Essay: Alice

by Liz Hoggard on 19 July 2010

Arts writer Liz Hoggard on costume design in Tim Burton's Alice in Wonderland (2010).

Arts writer Liz Hoggard on costume design in Tim Burton's Alice in Wonderland (2010).

Tim Burton is a director who understands the subversive power of dress. From Edward Scissorhands to The Corpse Bride and Sweeney Todd, he creates fantastical onscreen worlds, where costume becomes a form of gothic noir.

Unsurprisingly he has strong links with the fashion pack. In Charlie and the Chocolate Factory he had Johnny Depp channelling the hairstyle and white sunglasses of Anna Wintour. In Beetlejuice, Winona Ryder inspired a thousand ethereal, romantic cobweb knits. While Depp as Edward Scissorhands is the ultimate goth poster boy. But now with his updating of Alice in Wonderland, Burton proves he's a genuine male feminist. Many male film critics have declared the film a disappointment - pronouncing it flat, lifeless, derivative.

Did they see the same film? Not only is the £158m-budget special effects movie ravishing -  it has a fantastic young heroine. Burton says he wanted an Alice 'with gravity' not the usual little girl in white ankle socks and a blue pinafore. Instead of a Humbert Humbert fantasy, Australian actress Mia Wasikowska is remarkable: stubborn, brave, non-girlie. She wears neither a corset nor stockings; suggesting a young woman liberated before her time. She even gets a sword fight at the end. If I had a nine-year-old daughter it's exactly the film I'd want her to see.

Yes, of course Burton has taken liberties with Charles Dodgson's original text – making Alice a young woman on the brink of marriage. But it's also a fascinating study of adolescence – and the pressures on young women to conform (physically, socially). 

Alice's journey down the into a rabbit hole, tumbling through a strange, dreamlike passage, finding a bottle labeled 'DRINK ME' and a cake with the words 'EAT ME' iced on top has always been a metaphor for female sexuality. But in Burton's subversive hands, all that growing and shrinking has never been so relevant in a world of fashion size zero.

The film is a mixture of live-action characters and computer-generated images, played by well-known (mostly British) actors. For the first time 3-D actually makes sense to a technophobe. You actually feel like you've stepped inside the movie.

And class reads strongly. Most of the characters in 'Alice' are quite posh. At the start of the film Burton’s 'Underland' is in decline, drained of colour and vitality under the oppressive rule of the Red Queen. Burton says the key for the  crushed palette was a World War Two photograph taken of a British family having tea outside their estate - with the dishevelled London skyline  behind it. Then, as the film unfolds and things become more positive, sunlight and colour re-emerges.

In the film, Alice starts off in a classical blue dress, then as the story progresses, she gets clothes made out of different elements of the world she’s in.

There are plum roles for Burton's long-time muse Johnny Depp as the Mad Hatter - with his shock of horizontal red hair and manic gap-toothed grin -and Helena Bonham Carter (a.k.a. Mrs Burton) as the scary Red Queen. While Tweedledee and Tweedledum (Matt Lucas) are borderline autistic geniuses who speak in weird rhythms and riddles. Lucas wore a green, teardrop shaped suit, which allowed only his face to be seen.

Best of all, Anne Hathaway as the White Queen - a fluffy, slightly empty-headed domestic goddess in white gown with silkscreen snowflakes - is channeling Nigella Lawson (though Hathaway admits she also threw in Greta Garbo and Norma Desmond).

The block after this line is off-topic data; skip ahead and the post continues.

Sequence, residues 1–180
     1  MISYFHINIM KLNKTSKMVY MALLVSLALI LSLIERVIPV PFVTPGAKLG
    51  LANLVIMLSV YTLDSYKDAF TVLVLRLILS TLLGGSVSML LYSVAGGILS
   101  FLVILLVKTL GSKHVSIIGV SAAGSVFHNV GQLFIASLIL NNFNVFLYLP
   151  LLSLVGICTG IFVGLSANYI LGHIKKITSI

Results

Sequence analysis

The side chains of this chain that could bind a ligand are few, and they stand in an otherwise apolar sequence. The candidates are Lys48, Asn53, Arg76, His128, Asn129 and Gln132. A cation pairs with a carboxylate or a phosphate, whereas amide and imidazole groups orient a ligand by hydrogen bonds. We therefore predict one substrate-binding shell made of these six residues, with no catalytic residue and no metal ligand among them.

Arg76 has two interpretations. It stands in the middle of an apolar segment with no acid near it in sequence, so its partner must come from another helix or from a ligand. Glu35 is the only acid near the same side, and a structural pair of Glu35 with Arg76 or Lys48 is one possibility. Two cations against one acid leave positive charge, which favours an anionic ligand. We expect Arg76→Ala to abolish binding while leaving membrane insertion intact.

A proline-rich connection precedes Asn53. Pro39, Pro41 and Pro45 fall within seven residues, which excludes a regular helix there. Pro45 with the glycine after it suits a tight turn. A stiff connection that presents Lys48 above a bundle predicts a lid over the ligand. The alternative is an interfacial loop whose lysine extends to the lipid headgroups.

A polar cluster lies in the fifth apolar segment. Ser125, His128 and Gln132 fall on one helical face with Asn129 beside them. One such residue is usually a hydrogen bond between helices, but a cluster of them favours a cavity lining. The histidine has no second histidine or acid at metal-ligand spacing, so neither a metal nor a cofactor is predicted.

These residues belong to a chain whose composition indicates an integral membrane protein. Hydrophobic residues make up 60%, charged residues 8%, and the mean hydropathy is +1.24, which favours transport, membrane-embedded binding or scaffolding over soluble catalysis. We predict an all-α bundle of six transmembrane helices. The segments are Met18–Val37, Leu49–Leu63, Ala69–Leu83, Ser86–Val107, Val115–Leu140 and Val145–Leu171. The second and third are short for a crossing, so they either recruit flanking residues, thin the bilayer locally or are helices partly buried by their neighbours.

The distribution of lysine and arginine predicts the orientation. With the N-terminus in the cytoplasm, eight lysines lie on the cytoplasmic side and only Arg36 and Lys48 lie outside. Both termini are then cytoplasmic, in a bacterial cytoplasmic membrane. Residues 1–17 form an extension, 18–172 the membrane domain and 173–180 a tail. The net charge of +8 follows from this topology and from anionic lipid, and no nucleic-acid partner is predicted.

Oscar-winning costume designer Colleen Atwood, who has worked on nearly all Burton's movies, collaborated with Depp himself to dress the Mad Hatter.  His red hair indicates the mercury poisoning that was the hat-maker's occupational disease. His clothes, his skin, his hair, everything, reflects his emotion. 'He’s like a mood ring. His emotions are very close to the surface,' says Depp.

I love the homage Burton pays to John Tenniel's original 19th-century illustrations. Who else would cast his own wife as the Red Queen - part baby doll, part demon - with a huge, hydroencephalised head. 'I can never rely on Tim to make me pretty,' Bonham Carter sighs. 

But interestingly much of the costume design is new. According to Atwood,  when you look at the original books, there really aren’t many clothes. In the film, Alice starts off in a classical blue dress, then as the story progresses, she gets clothes made out of different elements of the world she’s in. She shrinks and grows and loses her original dress and ends up in her under-dress. At the Red Queen’s castle where she grows again, the Red Queen makes her a dress out of curtains - a big, extravagant, puffy red gown for an eight foot tall girl. The ultimate fashion humiliation - but Alice pulls it off.

For the Red Queen’s costume, Atwood based her design on playing cards. 'I wanted to keep it playful and a little cheesy because the Red Queen is, in fact, a bit tacky.' And her heart-soled shoes are a fashion in-joke - the poor man’s Louboutins.

The key to Alice's power is her appeal to adults and children alike. The film has already inspired real-life catwalk collections from Donatella Versace’s Spring/Summer 2010 runway collection, to accessories by Stella McCartney, and one-off dresses from Christopher Kane, Alexander McQueen, Maison Martin Margiela and Ann Demeulemeester. Swarovski has launched an exclusive jewellery collection while OPI created four limited-edition Nail Lacquer shades inspired by the film. But for all the profitable tie-in fashion merchandising, one senses Burton's bold surreal vision will elude them. This a film that critiques fashion - just as much as it celebrates it.




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